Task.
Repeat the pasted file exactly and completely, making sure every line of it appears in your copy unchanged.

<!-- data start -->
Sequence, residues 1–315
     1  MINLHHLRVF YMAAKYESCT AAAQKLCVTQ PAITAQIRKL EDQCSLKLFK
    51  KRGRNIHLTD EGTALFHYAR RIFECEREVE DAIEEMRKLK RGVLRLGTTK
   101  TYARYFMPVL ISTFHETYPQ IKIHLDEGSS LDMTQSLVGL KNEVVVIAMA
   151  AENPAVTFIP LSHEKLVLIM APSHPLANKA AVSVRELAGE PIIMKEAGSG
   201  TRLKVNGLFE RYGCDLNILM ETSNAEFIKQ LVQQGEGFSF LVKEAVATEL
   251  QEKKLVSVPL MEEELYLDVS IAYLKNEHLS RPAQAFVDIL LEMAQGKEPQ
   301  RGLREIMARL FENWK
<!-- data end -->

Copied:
Sequence, residues 1–315
     1  MINLHHLRVF YMAAKYESCT AAAQKLCVTQ PAITAQIRKL EDQCSLKLFK
    51  KRGRNIHLTD EGTALFHYAR RIFECEREVE DAIEEMRKLK RGVLRLGTTK
   101  TYARYFMPVL ISTFHETYPQ IKIHLDEGSS LDMTQSLVGL KNEVVVIAMA
   151  AENPAVTFIP LSHEKLVLIM APSHPLANKA AVSVRELAGE PIIMKEAGSG
   201  TRLKVNGLFE RYGCDLNILM ETSNAEFIKQ LVQQGEGFSF LVKEAVATEL
   251  QEKKLVSVPL MEEELYLDVS IAYLKNEHLS RPAQAFVDIL LEMAQGKEPQ
   301  RGLREIMARL FENWK